COVID-19 Screening Score for Patients without Acute Respiratory Symptoms Undergoing Emergency Medical Procedures in Indonesia

Leonard Nainggolan Division of Tropical and Infectious Disease, Department of Internal Medicine, Faculty of Medicine Universitas Indonesia – Cipto Mangunkusumo National Hospital, Jakarta, Indonesia;

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Beti Ernawati Dewi Department of Microbiology, Faculty of Medicine Universitas Indonesia – Cipto Mangunkusumo National Hospital, Jakarta, Indonesia;

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Gerald Abraham Harianja Department of Internal Medicine, Faculty of Medicine Universitas Indonesia – Cipto Mangunkusumo National Hospital, Jakarta, Indonesia;

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Yulia Rosa Saharman Department of Microbiology, Faculty of Medicine Universitas Indonesia – Cipto Mangunkusumo National Hospital, Jakarta, Indonesia;

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Nadira Prajnasari Sanjaya Department of Internal Medicine, Faculty of Medicine Universitas Indonesia – Cipto Mangunkusumo National Hospital, Jakarta, Indonesia;

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Robert Sinto Division of Tropical and Infectious Disease, Department of Internal Medicine, Faculty of Medicine Universitas Indonesia – Cipto Mangunkusumo National Hospital, Jakarta, Indonesia;

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Eric C. M. van Gorp Department of Viroscience, Erasmus Medical Center, Rotterdam, The Netherlands

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ABSTRACT.

To rule out coronavirus disease–2019 (COVID-19) in patients scheduled to undergo emergency medical procedures, SARS-CoV-2 reverse transcription polymerase chain reaction (RT-PCR) must be performed. In developing countries, the use of SARS-CoV-2 RT-PCR has been limited by its unavailability and long processing time. Hence, a quick screening score to predict COVID-19 may help healthcare practitioners determine which patients without acute respiratory symptoms can safely undergo an emergency medical procedure. We conducted a cross-sectional study of adult patients without acute respiratory symptoms who were admitted to the emergency department and underwent an emergency medical procedure within 24 hours after admittance. We collected baseline demographic data, COVID-19 screening variables, and SARS-CoV-2 RT-PCR as the gold standard for COVID-19 diagnosis. Bivariate and multivariate analyses were performed, and a scoring system was developed using statistically significant variables from the multivariate analysis. With data from 357 patients, multivariate backward stepwise logistic regression analysis resulted in two significant COVID-19 predictors: the presence of SARS-CoV-2–IgM antibody (adjusted odds ratio [aOR]: 7.02 [95% CI: 1.49–32.96]) and typical chest x-ray (aOR: 23.21 [95% CI: 10.01–53.78]). A scoring system was developed using these predictors with an area under the receiver operating characteristic curve of 0.71 (95% CI: 0.64–0.78). For a cutoff point of ≥ 2, the scoring system showed 42.5% sensitivity and 97.1% specificity but had poor calibration (Hosmer-Lemeshow test P value < 0.001). We believe that the development of this COVID-19 quick screening score may be helpful in a resource-limited clinical setting, but its moderate discrimination and poor calibration hinder its use as a replacement for the SARS-CoV-2 RT-PCR test for COVID-19 screening.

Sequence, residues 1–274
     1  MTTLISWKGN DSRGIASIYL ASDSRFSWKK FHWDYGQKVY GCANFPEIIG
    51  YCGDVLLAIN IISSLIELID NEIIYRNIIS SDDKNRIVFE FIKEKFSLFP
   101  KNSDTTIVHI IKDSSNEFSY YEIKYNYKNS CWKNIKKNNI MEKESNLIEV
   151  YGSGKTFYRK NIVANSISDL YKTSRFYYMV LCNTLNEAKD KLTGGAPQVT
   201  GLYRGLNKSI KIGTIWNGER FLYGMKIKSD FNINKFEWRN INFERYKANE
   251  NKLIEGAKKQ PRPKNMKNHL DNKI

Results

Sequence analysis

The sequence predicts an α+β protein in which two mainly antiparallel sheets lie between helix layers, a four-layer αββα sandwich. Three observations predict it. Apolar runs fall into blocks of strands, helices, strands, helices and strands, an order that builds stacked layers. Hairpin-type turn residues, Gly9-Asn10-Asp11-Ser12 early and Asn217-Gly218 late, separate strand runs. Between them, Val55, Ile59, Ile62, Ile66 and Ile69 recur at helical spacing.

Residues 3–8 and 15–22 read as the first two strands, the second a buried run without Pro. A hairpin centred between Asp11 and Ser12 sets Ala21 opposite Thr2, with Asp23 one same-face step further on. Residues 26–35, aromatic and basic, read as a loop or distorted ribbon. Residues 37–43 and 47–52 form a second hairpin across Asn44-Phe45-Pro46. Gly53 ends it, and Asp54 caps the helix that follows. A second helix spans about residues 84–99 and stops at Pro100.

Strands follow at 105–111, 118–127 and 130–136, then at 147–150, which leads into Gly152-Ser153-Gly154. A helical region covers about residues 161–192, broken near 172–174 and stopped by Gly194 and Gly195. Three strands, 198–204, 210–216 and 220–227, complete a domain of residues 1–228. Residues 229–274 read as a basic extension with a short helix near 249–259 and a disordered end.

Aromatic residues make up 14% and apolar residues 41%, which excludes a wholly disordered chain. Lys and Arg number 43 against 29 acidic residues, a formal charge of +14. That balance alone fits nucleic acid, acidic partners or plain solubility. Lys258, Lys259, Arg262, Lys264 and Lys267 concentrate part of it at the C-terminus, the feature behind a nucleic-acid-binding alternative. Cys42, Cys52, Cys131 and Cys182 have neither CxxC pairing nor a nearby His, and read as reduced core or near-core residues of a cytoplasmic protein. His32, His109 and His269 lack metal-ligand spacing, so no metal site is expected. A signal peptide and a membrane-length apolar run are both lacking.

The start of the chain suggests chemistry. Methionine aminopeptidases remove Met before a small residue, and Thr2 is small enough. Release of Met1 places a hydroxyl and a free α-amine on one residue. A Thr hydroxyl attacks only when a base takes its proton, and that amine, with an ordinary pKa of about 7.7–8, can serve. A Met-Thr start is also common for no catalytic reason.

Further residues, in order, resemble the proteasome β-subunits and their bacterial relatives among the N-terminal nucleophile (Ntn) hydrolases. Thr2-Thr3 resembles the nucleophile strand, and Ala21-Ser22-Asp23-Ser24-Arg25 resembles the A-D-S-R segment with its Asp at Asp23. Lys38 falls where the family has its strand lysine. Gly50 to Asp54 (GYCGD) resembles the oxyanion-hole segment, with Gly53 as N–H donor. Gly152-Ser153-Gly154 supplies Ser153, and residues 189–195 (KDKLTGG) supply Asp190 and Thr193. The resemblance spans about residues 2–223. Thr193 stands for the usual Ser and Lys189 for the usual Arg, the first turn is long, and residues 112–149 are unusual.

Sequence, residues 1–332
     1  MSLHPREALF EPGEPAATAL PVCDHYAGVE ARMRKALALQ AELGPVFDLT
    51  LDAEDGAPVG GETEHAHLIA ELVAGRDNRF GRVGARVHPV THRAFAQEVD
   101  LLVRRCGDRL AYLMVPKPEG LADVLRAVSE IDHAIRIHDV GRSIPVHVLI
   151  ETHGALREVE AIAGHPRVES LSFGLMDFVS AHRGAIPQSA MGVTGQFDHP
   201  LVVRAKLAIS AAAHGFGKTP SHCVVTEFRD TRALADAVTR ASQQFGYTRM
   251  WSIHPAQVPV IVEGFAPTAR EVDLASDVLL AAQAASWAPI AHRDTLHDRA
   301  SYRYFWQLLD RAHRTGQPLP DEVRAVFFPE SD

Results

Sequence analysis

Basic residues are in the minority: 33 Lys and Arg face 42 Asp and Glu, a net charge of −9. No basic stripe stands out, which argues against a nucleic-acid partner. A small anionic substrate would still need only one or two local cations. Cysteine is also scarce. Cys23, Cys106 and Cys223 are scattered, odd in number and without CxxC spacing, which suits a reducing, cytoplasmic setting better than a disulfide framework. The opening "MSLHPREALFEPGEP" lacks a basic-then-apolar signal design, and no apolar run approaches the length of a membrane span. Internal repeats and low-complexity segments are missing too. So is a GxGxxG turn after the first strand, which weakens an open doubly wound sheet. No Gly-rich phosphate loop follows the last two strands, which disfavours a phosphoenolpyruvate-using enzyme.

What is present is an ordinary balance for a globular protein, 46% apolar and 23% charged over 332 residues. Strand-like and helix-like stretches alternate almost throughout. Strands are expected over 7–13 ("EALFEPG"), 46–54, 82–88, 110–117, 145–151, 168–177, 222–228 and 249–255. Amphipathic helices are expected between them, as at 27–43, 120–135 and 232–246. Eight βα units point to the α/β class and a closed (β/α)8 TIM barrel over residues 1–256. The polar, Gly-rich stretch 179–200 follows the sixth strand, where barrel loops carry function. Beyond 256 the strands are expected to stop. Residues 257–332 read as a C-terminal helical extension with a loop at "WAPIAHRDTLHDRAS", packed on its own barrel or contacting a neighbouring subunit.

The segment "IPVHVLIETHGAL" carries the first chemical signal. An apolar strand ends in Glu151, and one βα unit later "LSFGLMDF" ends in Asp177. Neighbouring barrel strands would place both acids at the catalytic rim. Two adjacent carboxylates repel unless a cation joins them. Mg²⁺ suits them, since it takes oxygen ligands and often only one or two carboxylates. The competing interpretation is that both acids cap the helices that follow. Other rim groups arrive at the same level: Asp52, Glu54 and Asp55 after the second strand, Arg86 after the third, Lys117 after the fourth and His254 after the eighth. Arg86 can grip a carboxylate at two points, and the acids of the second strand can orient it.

INTRODUCTION

In March 2020, the WHO declared that coronavirus disease–2019 (COVID-19) had become a global pandemic. In addition to its high transmission rate, diagnosis of COVID-19 has been challenging owing to the variety of clinical presentations, which range from asymptomatic to a critical state with severe respiratory failure and multiple organ failures.13 There had been 5–80% COVID-19–infected patients who were asymptomatic yet still as contagious as symptomatic patients.47 It is undeniable that the COVID-19 pandemic greatly impacted health services, including access to perform medical procedures normally, especially in developing countries where countermeasures against COVID-19 are still inadequate.810

In addition, resources such as diagnostic tools were often scarce, especially early in the COVID-19 pandemic. For example, use of SARS-CoV-2 reverse transcription polymerase chain reaction (RT-PCR), a gold standard for COVID-19 diagnosis, was limited because of long processing times and expensive equipment and testing costs. Access to RT-PCR was especially limited in developing countries, where the test was conducted only in referral hospitals.11,12 Fortunately, some laboratory examinations and imaging studies were more accessible and required shorter turnaround times to get the results, which may have aided clinicians in diagnosing COVID-19 in resource-limited settings.1214

Several markers from laboratory test results have been recognized and widely used to diagnose COVID-19. Lymphopenia and an increase in the neutrophil-to-lymphocyte ratio (NLR) are two common findings known to have a clinical correlation to COVID-19, and they have played a role in outcome prediction.2 Nalbant et al.15 showed that the risk of having COVID-19 increased 20.3 times when the NLR was ≥ 2.4. In addition, Yang et al.16 suggested that an NLR ≥ 3.3 was a good prognostic factor to predict patients’ deterioration in COVID-19.

C-reactive protein (CRP) is produced by the liver in response to inflammation. In COVID-19 patients, the CRP level may be higher than normal 6–8 hours after the onset of first symptoms and may reach its peak level in 48 hours. In addition, Wang17 revealed that CRP levels were positively correlated with lung lesions and reflected the degree of disease severity.